Samsung/Greatcall Jitterbug – New Tricks for Old Hands
One market that most cell phone manufacturers have missed out on is the one for senior citizens. Yet this is such a huge and untapped market that the potential is there for a company to make an extremely healthy amount of sales. Korean manufacturer Samsung obviously agrees, as is shown with the introduction of their Jitterbug cell phone, in conjunction with Greatcall.
Even the name suggests what market the Jitterbug is aimed at, with the dance craze popular with people 60 and above. With none of the features that more tech-savvy users would want, the Jitterbug is an excellent handset that offers a more than viable option for those who simply want a phone to make and receive calls. It even comes in two versions, the Dial and the OneTouch, so you can buy the one that’s best suited to your needs.
Simple yet Effective
Although both handsets are a little bulkier than similarly designed cell phones, this probably won’t seem such a problem for the audience the Jitterbug is aimed at. Besides, the features that the phone comes with more than make up for any aesthetic shortfalls.
Coming in the clamshell flip phone design, there’s a small window on the outside that shows both the time and the date in a large display, ideal for those with failing eyesight. However, the real design success of this phone becomes apparent when you flip open the phone. Initially, you may be wondering what the noise is, until you realise it’s the dialling tone, just as you’d get if you picked up a normal household phone to use.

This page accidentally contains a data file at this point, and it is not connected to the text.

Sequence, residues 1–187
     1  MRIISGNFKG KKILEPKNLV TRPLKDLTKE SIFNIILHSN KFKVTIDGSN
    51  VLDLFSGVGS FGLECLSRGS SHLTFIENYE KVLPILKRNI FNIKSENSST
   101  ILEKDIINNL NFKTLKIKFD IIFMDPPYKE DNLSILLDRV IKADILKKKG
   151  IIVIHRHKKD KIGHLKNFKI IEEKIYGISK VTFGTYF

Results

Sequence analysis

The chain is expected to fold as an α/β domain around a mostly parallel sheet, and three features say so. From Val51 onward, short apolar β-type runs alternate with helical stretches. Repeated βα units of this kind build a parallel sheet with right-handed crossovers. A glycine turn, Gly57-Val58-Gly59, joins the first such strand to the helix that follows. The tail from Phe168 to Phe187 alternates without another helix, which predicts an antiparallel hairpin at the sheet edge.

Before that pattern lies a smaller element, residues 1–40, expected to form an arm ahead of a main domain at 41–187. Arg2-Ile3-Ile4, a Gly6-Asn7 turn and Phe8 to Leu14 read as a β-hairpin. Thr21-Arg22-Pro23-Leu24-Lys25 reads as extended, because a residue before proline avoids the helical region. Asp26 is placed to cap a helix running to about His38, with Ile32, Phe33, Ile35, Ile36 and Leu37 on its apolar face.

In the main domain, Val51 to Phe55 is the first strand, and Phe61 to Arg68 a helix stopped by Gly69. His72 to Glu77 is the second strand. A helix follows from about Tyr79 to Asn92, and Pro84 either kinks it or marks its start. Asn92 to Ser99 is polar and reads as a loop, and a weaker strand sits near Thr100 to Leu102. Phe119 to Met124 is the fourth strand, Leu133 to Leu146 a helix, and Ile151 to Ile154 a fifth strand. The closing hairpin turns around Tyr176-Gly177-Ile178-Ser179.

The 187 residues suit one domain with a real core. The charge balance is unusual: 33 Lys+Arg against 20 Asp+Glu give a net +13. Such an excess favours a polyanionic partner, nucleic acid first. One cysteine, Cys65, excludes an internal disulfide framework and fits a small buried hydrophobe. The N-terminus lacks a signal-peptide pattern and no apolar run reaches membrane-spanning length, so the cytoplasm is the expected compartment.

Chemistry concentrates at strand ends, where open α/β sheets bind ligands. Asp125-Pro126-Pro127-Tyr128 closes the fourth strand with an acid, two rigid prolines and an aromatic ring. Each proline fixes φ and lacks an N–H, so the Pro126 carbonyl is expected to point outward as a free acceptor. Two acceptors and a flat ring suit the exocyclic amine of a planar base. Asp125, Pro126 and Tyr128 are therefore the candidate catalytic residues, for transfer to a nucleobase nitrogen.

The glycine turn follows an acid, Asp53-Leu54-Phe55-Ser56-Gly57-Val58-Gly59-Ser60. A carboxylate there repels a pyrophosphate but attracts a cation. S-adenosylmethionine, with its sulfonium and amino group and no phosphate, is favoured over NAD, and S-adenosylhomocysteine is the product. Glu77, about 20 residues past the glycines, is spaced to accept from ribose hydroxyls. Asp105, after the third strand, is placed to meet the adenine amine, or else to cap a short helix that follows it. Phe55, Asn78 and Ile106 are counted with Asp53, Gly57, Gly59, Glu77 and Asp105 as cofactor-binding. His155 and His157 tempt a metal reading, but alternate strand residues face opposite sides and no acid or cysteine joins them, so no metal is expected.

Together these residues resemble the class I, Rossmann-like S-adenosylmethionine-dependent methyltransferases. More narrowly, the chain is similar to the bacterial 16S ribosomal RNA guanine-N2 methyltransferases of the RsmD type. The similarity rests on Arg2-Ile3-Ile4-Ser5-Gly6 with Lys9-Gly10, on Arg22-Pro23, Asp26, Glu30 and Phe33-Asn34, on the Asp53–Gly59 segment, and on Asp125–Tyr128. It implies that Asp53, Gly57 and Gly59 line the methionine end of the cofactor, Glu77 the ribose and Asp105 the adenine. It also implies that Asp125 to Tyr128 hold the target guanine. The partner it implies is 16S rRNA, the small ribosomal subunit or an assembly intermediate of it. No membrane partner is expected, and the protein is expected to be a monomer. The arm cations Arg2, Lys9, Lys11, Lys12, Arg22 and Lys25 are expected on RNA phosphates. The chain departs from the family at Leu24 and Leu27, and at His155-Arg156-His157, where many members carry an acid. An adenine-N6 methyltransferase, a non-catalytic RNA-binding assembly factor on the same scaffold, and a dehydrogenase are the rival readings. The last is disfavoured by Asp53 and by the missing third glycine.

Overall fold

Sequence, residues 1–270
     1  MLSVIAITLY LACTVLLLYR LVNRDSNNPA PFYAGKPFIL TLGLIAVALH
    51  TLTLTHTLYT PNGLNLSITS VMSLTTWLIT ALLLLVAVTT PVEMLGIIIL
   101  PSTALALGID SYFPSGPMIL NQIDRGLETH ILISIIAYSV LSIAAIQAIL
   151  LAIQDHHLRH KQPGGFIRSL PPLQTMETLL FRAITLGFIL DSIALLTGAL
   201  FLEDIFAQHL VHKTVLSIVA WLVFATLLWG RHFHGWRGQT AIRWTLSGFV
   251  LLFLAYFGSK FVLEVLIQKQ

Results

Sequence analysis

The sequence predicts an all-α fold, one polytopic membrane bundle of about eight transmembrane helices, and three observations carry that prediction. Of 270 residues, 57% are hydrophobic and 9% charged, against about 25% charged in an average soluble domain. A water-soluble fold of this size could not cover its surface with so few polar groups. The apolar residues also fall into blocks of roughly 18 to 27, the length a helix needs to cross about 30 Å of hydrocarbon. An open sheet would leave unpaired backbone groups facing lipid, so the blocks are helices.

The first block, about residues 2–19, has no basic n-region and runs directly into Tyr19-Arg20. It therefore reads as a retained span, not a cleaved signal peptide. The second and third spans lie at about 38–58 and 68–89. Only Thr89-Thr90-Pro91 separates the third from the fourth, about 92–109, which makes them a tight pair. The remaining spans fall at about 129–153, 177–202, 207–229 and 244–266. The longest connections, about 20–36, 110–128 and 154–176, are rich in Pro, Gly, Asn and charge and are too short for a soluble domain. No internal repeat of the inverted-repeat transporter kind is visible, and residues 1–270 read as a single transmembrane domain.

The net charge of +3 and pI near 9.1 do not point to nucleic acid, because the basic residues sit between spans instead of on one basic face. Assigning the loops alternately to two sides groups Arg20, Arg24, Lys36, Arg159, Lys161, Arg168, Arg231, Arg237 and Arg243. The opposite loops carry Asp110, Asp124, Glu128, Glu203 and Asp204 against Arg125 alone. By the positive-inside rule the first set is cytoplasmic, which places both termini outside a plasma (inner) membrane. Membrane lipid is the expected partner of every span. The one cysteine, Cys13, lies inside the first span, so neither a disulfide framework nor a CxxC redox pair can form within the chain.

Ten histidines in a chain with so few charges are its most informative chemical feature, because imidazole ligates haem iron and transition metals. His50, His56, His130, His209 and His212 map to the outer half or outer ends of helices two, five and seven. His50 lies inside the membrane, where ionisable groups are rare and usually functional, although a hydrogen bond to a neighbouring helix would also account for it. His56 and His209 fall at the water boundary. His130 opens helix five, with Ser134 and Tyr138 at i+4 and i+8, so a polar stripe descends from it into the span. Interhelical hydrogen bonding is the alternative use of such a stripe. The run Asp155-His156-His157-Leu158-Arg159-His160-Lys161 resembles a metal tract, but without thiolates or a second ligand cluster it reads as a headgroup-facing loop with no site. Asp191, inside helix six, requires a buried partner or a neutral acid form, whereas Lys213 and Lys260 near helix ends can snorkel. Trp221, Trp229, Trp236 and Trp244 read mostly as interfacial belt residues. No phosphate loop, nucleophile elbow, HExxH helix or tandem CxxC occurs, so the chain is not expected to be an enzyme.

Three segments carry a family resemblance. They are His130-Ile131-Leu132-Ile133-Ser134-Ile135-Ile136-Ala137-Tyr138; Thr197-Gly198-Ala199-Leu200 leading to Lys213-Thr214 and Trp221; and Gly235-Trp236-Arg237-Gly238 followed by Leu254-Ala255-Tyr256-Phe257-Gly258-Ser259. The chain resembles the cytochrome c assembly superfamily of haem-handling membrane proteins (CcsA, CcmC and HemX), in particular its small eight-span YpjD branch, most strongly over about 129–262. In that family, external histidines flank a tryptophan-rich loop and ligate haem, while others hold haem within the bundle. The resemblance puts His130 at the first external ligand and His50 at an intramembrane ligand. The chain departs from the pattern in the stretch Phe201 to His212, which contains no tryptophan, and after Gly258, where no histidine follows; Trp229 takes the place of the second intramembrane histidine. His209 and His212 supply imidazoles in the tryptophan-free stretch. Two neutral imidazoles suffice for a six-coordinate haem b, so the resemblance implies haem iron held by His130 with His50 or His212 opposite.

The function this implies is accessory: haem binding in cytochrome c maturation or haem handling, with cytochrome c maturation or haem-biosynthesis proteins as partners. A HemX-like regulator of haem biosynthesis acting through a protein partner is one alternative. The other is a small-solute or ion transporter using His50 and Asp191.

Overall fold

Although this may sound like a minor piece of design work, it’s an absolute Godsend for the target audience, since a lack of a dial tone is one of the things that has confused many elderly users of cell phones. Combine this with a rubber-protected cushion on the earpiece itself, ideal for those with hearing aids, and already Samsung are onto a winner.
The other improvement in design compared to similar models from other manufacturers’ is the button layout, especially on the OneTouch. The power button is exactly that – and to prove it, it has ON/OFF written on it, as opposed to the usual little symbol that can be confusing. Even better is the fact that you’ll never forget your number ever again – it’s printed on the handset itself! Ideal for situations when you need someone to call you back.
Something to Shout About
Perhaps the Jitterbug’s real star quality here is the fact that it’s a voice-operated unit. Whether it’s the Dial or OneTouch version, if you press the Operator button you’ll be taken through to a real-life person. This is much more than a simple customer service helpdesk, though – if you need a call connected, they’ll do that for you; if you want to enter new contact numbers and names, they’ll do that for you as well. The only drawback here is that it can soon be quite costly to continuously use this service.
The call quality is excellent, both for making and receiving calls, which for a voice-only handset is as how it should be. With a host of plans to choose from and a back-up service second-to-none, the new Jitterbug is ideal for those less technically-minded, and who just want a simple everyday phone.
Gee, big buttons and a big display font. I only wish they made a Treo phone with those features.